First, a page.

“We have to force our way” into the male-dominated arena!”
There are currently only 31 women in the State Legislature – 19 out of 80 elected officials in the State Assembly and 12 out of 40 in the State Senate.
The lack of female representation in Congress is just as staggering. Of 435 U.S. Representatives, only 82 are women. Similarly, out of 100 U.S. Senators, only 21 are women.
Minorities are also disproportionately underrepresented.
“We don’t have a single Latina in the State Senate,” Garcia pointed out.
Worse still, the number of women in office is decreasing. Women can’t just settle for the small gains that have been made, they need to do more, she said forcefully.
Being a woman in state office can be lonely, according to the assemblywoman. She said male legislators tend to work closer with other men than their female counterparts.
“I don’t get paid more for being a woman but I sometimes find myself having to work ten times more than my [male] colleagues,” she complained.
Some of my male colleagues still make sexist remarks and I have to call them on it, she said incredulously.
Last year, Garcia was nominated to serve as vice chair for the California Legislative Women’s Caucus, which represents and advocates on behalf of the interest of women, children and families.
She at first did not feel ready for the added responsibility, but quickly realized it would be the opportune position to advocate for more women in politics and to recognize those women who make a difference in their communities.
In February, EMILY’s List nominated her for its 2015 Gabrielle Giffords Rising Star Award.
EMILY’s List is a national women’s political organization that has raised hundreds of millions of dollars for women candidates for office. The award is given to a woman in local or state office whose work shows an extraordinary “commitment to community, dedication to women and families …”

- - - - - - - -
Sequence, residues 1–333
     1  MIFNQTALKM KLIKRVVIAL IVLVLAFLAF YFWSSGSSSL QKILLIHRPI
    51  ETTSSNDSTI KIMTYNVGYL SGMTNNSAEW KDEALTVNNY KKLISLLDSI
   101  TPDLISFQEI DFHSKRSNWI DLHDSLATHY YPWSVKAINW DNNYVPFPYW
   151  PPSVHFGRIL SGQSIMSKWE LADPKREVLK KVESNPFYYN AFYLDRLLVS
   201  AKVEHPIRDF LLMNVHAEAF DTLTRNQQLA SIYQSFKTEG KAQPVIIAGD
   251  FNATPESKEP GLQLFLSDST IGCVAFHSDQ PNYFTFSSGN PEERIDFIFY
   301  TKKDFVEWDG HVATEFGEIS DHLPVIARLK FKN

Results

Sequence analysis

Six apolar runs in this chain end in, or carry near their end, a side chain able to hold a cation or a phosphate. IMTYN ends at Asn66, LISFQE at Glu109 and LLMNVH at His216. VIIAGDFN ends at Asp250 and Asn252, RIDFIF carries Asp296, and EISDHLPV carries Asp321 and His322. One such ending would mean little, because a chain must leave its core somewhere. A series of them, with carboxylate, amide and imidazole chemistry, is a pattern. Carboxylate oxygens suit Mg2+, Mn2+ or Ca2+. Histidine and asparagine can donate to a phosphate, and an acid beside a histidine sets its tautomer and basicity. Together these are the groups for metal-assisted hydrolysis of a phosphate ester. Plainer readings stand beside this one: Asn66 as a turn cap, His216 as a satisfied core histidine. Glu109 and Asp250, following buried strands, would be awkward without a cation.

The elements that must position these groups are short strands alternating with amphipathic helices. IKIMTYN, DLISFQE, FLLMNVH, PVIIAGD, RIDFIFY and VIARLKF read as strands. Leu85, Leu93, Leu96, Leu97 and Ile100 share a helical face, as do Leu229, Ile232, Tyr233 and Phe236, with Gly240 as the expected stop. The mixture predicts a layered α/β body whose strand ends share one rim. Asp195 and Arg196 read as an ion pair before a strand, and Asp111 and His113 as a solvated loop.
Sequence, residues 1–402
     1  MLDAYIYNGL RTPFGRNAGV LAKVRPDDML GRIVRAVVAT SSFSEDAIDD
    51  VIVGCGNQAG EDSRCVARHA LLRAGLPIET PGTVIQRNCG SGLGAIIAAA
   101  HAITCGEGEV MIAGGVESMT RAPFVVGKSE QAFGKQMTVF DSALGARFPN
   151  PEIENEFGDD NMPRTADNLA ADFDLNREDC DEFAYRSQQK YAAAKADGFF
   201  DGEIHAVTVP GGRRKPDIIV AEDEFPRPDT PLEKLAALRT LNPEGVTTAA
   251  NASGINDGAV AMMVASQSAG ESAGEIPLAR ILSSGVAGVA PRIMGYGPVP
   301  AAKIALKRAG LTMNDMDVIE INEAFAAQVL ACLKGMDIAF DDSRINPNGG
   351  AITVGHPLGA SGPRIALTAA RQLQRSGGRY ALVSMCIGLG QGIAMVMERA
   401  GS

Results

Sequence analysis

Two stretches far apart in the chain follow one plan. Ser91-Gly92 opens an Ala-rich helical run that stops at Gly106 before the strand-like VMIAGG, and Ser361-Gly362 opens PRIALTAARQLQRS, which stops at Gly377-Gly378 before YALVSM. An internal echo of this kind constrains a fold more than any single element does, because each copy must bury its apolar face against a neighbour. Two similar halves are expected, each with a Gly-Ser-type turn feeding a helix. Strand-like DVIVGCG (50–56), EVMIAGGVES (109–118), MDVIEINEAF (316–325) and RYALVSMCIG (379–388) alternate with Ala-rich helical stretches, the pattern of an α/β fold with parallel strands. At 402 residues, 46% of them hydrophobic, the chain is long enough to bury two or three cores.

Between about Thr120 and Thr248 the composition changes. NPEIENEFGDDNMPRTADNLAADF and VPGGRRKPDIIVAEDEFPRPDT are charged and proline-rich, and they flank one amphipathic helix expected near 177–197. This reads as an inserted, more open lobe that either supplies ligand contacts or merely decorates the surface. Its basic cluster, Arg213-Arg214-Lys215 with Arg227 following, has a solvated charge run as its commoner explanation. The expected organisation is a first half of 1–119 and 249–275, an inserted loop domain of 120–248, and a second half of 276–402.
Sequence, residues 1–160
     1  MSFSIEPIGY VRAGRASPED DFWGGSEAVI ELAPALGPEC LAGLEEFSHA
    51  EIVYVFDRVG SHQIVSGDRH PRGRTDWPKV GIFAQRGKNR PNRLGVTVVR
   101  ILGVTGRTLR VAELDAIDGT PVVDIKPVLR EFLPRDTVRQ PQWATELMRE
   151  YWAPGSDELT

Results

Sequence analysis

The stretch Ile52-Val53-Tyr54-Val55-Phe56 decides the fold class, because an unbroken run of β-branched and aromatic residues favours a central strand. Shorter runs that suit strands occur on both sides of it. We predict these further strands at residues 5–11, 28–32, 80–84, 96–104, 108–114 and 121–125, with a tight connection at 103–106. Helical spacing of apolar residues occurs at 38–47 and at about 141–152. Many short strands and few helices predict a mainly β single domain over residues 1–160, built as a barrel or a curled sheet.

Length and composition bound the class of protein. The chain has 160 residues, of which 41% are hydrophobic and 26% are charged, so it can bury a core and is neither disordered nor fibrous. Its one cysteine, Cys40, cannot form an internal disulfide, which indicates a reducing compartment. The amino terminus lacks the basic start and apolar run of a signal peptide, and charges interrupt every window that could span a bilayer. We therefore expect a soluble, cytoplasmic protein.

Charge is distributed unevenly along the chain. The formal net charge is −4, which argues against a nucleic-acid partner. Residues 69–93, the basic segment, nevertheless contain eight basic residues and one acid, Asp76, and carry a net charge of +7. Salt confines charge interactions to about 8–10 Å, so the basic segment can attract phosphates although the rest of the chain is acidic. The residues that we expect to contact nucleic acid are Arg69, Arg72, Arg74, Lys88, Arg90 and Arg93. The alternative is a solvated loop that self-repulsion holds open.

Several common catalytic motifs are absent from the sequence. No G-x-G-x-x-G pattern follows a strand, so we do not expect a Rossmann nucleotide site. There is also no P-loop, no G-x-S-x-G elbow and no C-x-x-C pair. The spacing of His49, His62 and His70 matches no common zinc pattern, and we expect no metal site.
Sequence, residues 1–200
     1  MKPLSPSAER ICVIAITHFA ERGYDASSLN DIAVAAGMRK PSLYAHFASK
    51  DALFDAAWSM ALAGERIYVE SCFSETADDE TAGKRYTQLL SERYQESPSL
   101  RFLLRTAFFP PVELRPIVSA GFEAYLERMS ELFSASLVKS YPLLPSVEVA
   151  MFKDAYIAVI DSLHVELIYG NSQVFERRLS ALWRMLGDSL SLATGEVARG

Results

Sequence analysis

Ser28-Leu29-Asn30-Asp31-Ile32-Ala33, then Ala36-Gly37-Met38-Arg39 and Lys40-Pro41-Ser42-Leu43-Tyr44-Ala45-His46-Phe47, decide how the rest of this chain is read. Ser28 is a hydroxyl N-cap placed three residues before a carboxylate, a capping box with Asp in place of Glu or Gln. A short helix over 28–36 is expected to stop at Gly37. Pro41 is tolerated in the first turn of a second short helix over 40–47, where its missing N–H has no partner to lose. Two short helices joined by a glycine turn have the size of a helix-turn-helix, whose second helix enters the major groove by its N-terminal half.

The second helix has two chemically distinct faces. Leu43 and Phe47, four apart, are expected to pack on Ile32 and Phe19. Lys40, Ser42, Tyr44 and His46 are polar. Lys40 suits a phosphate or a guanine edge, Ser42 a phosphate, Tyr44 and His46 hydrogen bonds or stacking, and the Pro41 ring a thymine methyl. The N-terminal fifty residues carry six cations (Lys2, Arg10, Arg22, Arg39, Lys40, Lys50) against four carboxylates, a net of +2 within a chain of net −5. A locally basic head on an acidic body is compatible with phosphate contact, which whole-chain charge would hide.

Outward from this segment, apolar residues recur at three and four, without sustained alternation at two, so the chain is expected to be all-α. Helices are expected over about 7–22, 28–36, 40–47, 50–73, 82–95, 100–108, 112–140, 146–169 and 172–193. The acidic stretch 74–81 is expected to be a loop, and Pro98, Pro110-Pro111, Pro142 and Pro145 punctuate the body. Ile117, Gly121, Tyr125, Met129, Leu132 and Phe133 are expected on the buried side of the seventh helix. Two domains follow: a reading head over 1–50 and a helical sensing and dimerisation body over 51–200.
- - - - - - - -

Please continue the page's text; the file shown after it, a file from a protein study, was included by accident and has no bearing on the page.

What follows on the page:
“We have to become leaders! ” Garcia told attendees at the event. “But we need to come back to the community that invested in [us].”
Following the event, Garcia told EGP she believes the best way to address the shortage of women in elected office is to prepare more women for the job.
She said she is hopeful the tide may be turning.
“We may have our first female president” soon, she said excitedly.
“I just can’t believe it has taken this long.”
Vote-by-Mail applications for the March 3 Primary Election are now available and Bell Gardens Assemblywoman Cristina Garcia is reminding voters of an important change in California law that now requires all applications to be mailed directly to the County Registrar or local Elections Official for processing.
Prior to the change, Vote-by-Mail applications could be mailed or handed over to a third party for processing. Political campaigns in particular would pass out the applications and put the campaign’s return address as the place to mail or drop off the application, Garcia’s office explained in an email.
The practice proved an easy and valuable tool for campaigns to keep track of voters.
The potential for fraud or voters not receiving their ballots in a timely manner was high, said Garcia.
A constituent suggested the change in law last year during the assemblywoman’s “There Oughta Be a Law” contest.
The suggestion prompted Garcia’s office to work with the Los Angeles County Registrar-Recorder/County Clerk to determine if the old process really was a problem and they found that the number of reports alleging tampering and interference with Vote-by-Mail applications was on the rise.
There was no way for the voter to make sure that the application was in fact submitted on time, said Garcia.
“A voter should be guaranteed that the application will reach the County Registrar or Elections Official in a timely manner, without delay.”
The city of Los Angeles began accepting Vote-by-Mail applications on Monday. The city’s election Division must receive the application request by 5 p.m. on Feb. 24 for it to be processed in time for the March 3 election. Applications can be found on the back of the Official Sample Ballot mailed to registered voters and mailed to Office of the City Clerk – Election Division, 555 Ramirez Street, Space 300, Los Angeles, CA 90012, or faxed to (213) 978-0612.
For additional information call (213) 978-0376.